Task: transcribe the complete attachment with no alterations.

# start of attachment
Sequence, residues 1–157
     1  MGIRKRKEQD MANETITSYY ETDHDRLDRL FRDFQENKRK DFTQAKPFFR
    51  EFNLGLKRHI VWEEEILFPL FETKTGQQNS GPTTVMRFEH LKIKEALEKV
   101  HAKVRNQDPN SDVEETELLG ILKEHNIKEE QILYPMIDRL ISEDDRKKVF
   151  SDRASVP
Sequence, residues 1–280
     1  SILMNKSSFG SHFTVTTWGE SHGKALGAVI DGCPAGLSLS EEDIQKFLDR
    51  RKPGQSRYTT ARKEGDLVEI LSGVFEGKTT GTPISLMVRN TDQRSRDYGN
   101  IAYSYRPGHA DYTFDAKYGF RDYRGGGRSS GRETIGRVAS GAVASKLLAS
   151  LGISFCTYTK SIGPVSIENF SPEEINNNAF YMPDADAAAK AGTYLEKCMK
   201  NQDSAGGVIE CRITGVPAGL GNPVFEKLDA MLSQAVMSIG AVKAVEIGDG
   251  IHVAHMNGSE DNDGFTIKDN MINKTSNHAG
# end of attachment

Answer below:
Sequence, residues 1–157
     1  MGIRKRKEQD MANETITSYY ETDHDRLDRL FRDFQENKRK DFTQAKPFFR
    51  EFNLGLKRHI VWEEEILFPL FETKTGQQNS GPTTVMRFEH LKIKEALEKV
   101  HAKVRNQDPN SDVEETELLG ILKEHNIKEE QILYPMIDRL ISEDDRKKVF
   151  SDRASVP
Sequence, residues 1–280
     1  SILMNKSSFG SHFTVTTWGE SHGKALGAVI DGCPAGLSLS EEDIQKFLDR
    51  RKPGQSRYTT ARKEGDLVEI LSGVFEGKTT GTPISLMVRN TDQRSRDYGN
   101  IAYSYRPGHA DYTFDAKYGF RDYRGGGRSS GRETIGRVAS GAVASKLLAS
   151  LGISFCTYTK SIGPVSIENF SPEEINNNAF YMPDADAAAK AGTYLEKCMK
   201  NQDSAGGVIE CRITGVPAGL GNPVFEKLDA MLSQAVMSIG AVKAVEIGDG
   251  IHVAHMNGSE DNDGFTIKDN MINKTSNHAG